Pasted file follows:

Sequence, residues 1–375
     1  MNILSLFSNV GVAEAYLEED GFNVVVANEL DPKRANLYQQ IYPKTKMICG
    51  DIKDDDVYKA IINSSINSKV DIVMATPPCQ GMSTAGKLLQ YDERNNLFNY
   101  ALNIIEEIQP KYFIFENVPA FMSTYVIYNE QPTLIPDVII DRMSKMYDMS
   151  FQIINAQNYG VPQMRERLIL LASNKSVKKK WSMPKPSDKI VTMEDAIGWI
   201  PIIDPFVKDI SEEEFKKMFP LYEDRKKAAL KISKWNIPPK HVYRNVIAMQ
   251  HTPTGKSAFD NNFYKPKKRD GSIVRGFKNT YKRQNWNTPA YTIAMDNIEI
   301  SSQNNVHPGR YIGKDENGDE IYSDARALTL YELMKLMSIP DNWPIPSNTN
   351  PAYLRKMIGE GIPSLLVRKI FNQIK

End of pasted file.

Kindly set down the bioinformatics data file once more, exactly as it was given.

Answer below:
Sequence, residues 1–375
     1  MNILSLFSNV GVAEAYLEED GFNVVVANEL DPKRANLYQQ IYPKTKMICG
    51  DIKDDDVYKA IINSSINSKV DIVMATPPCQ GMSTAGKLLQ YDERNNLFNY
   101  ALNIIEEIQP KYFIFENVPA FMSTYVIYNE QPTLIPDVII DRMSKMYDMS
   151  FQIINAQNYG VPQMRERLIL LASNKSVKKK WSMPKPSDKI VTMEDAIGWI
   201  PIIDPFVKDI SEEEFKKMFP LYEDRKKAAL KISKWNIPPK HVYRNVIAMQ
   251  HTPTGKSAFD NNFYKPKKRD GSIVRGFKNT YKRQNWNTPA YTIAMDNIEI
   301  SSQNNVHPGR YIGKDENGDE IYSDARALTL YELMKLMSIP DNWPIPSNTN
   351  PAYLRKMIGE GIPSLLVRKI FNQIK